In our opinion, our monetary policy, which is aimed at maintaining steadily low inflation, increases the predictability and reliability of such long projects. What is more, for private investors willing to invest in infrastructure, it lays the groundwork for the emergence of long-term money in Russia, and investments in infrastructure are long-term money. This is the main direction, the priority of our work. No doubt, we understand that the credit needs of those who invest in infrastructure should be taken into account.

QUESTION (News.ru):

Mrs Nabiullina, you mentioned that a system of measures was developed with the banks that allows them to find solutions to problems with the help of the Bank of Russia and fulfil their obligations to depositors, clients, etc. Could you clarify what these measures are and whether there will be any regulatory easing for banks in connection with the introduction of new sanctions as was the case in 2014?


The first thing I would like to say is that should the situation develop unfavourably, we will, of course, support our banks in every possible way. We have the instruments and means to do so. Depending on the structure of their make-up and operations, we have worked together with the banks on creating the necessary measures. They are finalised, and we understand what the consequences will be – there may be consequences from the restrictions introduced, because unfortunately there are banks that have been subject to these restrictions, so we understand how these sanctions can have an impact. There may be an easing. If this is the case, we do not rule out the introduction of regulatory easing as was the case in 2014. Therefore, we are preparing for a possible unfavourable development in the banking sector.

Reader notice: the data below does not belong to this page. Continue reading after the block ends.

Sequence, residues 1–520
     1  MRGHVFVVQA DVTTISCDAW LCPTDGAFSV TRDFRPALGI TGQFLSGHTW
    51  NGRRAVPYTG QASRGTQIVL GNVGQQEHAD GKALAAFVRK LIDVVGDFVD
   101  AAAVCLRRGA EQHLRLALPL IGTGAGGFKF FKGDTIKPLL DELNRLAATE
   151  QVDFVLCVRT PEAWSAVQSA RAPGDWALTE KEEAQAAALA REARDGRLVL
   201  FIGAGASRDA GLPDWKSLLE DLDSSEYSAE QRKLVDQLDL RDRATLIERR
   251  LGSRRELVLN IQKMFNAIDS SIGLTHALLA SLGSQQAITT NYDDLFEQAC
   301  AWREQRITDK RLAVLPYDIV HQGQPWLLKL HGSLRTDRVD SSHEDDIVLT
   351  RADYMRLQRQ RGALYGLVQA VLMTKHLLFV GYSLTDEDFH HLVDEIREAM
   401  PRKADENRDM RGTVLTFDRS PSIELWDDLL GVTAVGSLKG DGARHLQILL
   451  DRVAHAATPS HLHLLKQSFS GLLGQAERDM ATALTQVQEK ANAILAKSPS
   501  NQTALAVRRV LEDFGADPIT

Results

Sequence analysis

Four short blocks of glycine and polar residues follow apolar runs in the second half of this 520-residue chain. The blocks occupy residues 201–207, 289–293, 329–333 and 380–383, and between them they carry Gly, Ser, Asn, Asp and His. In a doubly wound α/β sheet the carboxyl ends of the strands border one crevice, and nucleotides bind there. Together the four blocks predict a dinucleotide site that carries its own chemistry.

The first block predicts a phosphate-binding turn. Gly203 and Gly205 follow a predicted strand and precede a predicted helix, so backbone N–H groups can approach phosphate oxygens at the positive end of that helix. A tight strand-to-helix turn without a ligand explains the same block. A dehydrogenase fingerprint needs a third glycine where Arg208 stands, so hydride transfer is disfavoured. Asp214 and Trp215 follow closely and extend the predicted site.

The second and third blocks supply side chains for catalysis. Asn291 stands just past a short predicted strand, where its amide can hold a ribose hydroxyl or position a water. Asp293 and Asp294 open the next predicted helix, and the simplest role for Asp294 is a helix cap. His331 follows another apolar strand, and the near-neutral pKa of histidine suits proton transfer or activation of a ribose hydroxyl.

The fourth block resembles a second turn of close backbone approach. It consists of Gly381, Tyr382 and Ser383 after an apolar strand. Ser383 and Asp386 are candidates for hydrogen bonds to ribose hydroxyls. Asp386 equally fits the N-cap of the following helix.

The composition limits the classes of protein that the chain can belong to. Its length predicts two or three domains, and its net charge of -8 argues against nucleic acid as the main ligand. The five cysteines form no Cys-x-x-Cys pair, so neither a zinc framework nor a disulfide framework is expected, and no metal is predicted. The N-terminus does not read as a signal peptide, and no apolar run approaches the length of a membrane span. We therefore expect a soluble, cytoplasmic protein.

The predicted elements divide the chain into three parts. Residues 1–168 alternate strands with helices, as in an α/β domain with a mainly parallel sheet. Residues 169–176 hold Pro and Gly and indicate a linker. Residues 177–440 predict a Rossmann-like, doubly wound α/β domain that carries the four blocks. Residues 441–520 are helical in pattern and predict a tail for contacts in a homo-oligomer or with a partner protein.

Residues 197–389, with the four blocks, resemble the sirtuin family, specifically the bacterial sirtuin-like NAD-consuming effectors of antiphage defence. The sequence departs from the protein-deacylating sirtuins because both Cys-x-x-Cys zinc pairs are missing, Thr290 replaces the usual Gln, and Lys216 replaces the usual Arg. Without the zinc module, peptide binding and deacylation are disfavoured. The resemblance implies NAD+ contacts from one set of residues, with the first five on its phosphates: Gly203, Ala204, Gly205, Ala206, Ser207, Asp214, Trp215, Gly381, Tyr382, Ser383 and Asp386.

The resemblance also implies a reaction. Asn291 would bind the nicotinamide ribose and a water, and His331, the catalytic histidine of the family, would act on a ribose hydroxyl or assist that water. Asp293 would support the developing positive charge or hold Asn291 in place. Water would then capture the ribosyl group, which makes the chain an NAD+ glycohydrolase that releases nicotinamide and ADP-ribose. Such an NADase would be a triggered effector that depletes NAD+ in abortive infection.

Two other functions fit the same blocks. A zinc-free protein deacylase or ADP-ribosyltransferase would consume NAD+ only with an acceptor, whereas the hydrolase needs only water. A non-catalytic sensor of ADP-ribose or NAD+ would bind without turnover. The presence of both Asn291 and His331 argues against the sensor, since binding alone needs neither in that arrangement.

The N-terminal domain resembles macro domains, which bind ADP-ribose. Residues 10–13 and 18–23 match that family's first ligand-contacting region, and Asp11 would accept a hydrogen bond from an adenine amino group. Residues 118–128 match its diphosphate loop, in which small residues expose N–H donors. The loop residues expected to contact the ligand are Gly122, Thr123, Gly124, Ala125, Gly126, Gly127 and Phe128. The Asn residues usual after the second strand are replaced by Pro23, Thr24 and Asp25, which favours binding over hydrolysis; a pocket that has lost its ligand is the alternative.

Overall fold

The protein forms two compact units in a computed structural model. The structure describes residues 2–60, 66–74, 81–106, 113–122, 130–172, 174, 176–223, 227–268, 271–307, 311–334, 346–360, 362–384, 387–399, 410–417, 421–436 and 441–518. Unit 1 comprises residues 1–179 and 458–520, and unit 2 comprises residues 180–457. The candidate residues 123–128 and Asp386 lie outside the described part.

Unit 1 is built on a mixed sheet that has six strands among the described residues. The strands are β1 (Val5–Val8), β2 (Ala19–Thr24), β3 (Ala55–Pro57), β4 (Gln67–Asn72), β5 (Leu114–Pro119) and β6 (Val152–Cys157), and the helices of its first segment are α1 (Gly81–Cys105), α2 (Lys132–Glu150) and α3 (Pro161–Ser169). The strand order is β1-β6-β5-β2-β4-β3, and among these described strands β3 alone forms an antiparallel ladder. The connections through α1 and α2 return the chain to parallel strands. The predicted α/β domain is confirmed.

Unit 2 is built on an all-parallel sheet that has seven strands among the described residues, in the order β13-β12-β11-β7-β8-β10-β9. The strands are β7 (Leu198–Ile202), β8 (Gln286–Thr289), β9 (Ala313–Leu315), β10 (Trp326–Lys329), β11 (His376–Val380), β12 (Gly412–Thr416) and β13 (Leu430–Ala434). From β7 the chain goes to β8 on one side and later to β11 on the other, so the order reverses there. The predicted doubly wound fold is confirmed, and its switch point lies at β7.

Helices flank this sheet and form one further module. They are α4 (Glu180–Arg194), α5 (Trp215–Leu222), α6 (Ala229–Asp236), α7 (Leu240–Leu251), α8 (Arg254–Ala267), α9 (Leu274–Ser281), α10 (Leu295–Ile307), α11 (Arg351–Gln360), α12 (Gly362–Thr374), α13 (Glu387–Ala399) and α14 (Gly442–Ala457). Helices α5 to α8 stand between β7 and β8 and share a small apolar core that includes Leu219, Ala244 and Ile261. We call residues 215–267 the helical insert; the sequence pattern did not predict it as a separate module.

You previously asserted that the Bank of Russia does not envisage a problem if the US government imposes sanctions on Russian sovereign debt. Is the Bank of Russia still of the opinion that in the event such sanctions are imposed and there is a large-scale sale of securities, the local Russian market will be able to buy up all these volumes?


We see no major problems linked to the introduction of this ban or their impact on the financial system as a whole or on the economy. We have very low government debt. Even if you look at the total amount of federal government bonds that non-residents currently hold, they stand at about 26 billion US dollars. When compared with our resources, our reserves, this is a small figure.

Obviously, if such measures are introduced, there will be increased volatility before rates stabilise at a particular level. If this happens, we can also, if necessary, introduce easing for our financial institutions so they can adapt with greater ease to changes in our federal government bond prices, as we did in 2014, or make it possible to transfer securities from the trading portfolio to the liquidation portfolio.

QUESTION (Russia-1 Television Channel):

If I may, Mrs Nabiullina, my question is neither about rates nor the foreign exchange market, but about Ukraine's sovereign debt owed to Russia, which stands at $3 billion, and regarding which, the Court of Appeal in London decided today to hold another hearing at Ukraine’s request. Is there any chance that Ukraine will give us this money back? Basically, can we expect that money at all, or can it be consigned to the realm of fantasy?


This matter is outside the purview of the Bank of Russia.

QUESTION (Bloomberg):